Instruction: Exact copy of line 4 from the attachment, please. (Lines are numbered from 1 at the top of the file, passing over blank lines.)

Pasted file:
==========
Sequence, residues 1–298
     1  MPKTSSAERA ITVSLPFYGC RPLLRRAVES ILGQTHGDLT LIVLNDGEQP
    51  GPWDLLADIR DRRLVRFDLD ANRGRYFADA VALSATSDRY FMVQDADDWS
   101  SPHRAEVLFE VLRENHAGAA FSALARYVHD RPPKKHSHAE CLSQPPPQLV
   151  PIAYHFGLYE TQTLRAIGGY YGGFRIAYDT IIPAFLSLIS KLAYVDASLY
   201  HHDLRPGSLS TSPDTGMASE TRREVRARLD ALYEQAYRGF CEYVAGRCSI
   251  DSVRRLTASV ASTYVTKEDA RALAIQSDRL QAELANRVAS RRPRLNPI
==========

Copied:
   101  SPHRAEVLFE VLRENHAGAA FSALARYVHD RPPKKHSHAE CLSQPPPQLV